Samuel Patty wanted to teach his students a lesson about free speech. He ended up paying his life. 47-year-old Patty, a middle-school teacher in a Paris suburb, announced to her civic class in early October that she would show some of Prophet Muhammad’s adventures that the satirical magazine Charlie Hebdo was published in 2015 and that students were free to choose images. Out of view.
The father posted Patty’s name and school address on social media and encouraged all Muslims who shared their concerns to help him expel the “rogue” instructor. The father and his entourage repeatedly described the relationship as racism and Islamophobia.
An 18-year-old Chechen refugee, Abdullakh Anzorov, learned the ruckus from social media. He came to middle school and bribed the students to find out which teacher was Samuel Patty. Anzorov followed Paty when he left school, then beat him to death, stripped him, and posted a picture of the teacher’s head on Twitter..
Later that day Anjorov was confronted by the police; He attacked her with a knife and was shot and killed.
This was not an ordinary act of terrorism. Other atrocities by Islamists in France were either coordinated attacks by terrorist groups (in the form of Charlie Hebdo and the Hypercasser supermarket massacres in 2015) or the murders of random civilians by Islamic extremists who did not rely too much on outside help (2018 In) Paris knife attack by Khazat Azimov).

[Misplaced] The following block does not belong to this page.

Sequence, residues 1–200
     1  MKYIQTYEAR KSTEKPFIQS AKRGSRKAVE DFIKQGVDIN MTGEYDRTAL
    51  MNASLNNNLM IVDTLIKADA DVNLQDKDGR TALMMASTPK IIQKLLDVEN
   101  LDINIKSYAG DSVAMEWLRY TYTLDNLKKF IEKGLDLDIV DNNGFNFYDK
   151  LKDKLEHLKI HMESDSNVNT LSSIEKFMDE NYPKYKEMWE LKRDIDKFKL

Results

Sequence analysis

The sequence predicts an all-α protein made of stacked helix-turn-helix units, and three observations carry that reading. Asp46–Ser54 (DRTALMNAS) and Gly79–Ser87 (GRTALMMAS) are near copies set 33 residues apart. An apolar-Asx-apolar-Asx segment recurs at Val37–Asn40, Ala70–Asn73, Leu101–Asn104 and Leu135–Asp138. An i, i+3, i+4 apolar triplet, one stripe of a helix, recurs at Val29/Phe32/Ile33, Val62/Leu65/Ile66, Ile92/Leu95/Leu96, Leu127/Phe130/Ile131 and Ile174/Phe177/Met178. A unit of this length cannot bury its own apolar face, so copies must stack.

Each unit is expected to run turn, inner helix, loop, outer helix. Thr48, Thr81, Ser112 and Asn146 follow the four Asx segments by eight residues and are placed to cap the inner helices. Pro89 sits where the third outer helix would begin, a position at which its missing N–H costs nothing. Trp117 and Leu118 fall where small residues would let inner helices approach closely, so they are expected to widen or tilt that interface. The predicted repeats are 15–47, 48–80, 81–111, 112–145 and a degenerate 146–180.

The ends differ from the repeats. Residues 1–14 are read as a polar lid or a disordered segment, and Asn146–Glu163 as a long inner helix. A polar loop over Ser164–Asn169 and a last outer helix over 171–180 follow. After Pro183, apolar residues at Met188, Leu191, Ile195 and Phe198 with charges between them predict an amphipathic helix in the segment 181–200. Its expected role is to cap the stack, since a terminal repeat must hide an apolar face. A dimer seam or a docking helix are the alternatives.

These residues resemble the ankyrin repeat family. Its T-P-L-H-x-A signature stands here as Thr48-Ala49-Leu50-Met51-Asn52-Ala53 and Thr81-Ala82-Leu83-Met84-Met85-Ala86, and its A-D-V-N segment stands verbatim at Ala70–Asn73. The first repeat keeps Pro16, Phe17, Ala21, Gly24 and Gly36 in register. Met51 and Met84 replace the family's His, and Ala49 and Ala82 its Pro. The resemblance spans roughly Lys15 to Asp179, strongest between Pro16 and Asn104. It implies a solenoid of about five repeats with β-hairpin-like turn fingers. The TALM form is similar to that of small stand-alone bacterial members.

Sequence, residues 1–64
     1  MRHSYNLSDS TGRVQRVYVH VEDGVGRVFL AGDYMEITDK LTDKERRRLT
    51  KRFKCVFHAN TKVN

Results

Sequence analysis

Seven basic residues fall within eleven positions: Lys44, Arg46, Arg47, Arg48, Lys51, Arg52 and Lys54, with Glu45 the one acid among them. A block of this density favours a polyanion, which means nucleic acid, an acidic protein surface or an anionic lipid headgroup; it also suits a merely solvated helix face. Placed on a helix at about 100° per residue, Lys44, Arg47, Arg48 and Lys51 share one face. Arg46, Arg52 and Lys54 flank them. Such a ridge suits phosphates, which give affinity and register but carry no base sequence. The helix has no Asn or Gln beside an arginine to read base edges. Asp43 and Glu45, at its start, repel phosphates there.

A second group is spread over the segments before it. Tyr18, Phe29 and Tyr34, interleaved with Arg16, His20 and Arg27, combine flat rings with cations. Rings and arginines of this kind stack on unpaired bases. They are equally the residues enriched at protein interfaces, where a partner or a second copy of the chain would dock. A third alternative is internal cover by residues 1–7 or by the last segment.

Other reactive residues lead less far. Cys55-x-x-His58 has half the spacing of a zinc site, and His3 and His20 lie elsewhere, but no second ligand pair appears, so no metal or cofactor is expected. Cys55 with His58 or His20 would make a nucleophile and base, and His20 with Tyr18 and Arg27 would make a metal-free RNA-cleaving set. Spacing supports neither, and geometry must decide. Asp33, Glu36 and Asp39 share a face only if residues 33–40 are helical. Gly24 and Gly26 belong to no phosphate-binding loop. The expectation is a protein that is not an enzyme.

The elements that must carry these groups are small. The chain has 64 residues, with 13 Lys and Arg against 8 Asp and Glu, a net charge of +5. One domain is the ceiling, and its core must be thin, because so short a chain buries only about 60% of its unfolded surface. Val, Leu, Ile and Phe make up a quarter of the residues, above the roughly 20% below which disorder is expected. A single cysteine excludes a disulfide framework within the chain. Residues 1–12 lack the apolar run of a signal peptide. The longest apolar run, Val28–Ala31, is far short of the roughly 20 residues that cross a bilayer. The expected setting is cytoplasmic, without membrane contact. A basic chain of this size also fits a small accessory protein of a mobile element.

Patty’s murderer appears to be linked to the Syrian jihadists, but the victim was chosen by a Twitter mob. The “shocked” and “angry” people are said to have said that Patty made them feel threatened because of his identity. He linked his personal experience with a large history of persecution – eventually to the extent of paranoia by comparing the current situation of French Muslims with the victims of the 1995 massacre of Muslims in Bosnia’s Serebrenica. He encouraged supporters of victim identification to consider themselves personally victimized by the alleged perpetrator.
In short, he demanded that Samuel Patty be revoked.
Anzorov’s crime has often been described by French commentators as “barbaric”, “backward” and “medieval”. But really it was amazing. It was sparked by identity-driven politics of the early 21st century, and its perpetrators were inspired by social-media platforms. The whole case is a cruel reminder that the redistribution of politics amid the battle of identity is ill-suited for democratic societies, in which diverse people agree to co-exist and take collective identities as “people”.
Three decades ago, Samuel Patty and I were students together in Lyon. We had about 40 classe prépa. I was not close to Samuel, but, when I saw his name in the news on 17 October, I immediately remembered him, as well as his passion for history, his embarrassment and sense of duty.
In France, Samuel Patty is now officially celebrated as a hero. And rightly so, though he had a less important, compassionate kind of valor. It was allowed to talk to unknown people and to give room for conflicting dialogues. The world he thrived in became far from the new, alternative model of society based on group identity, censorship, ignorance, and destruction.
Mr. Dubruil is a professor of literature at Cornell.
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Edition printed on October 26, 2020.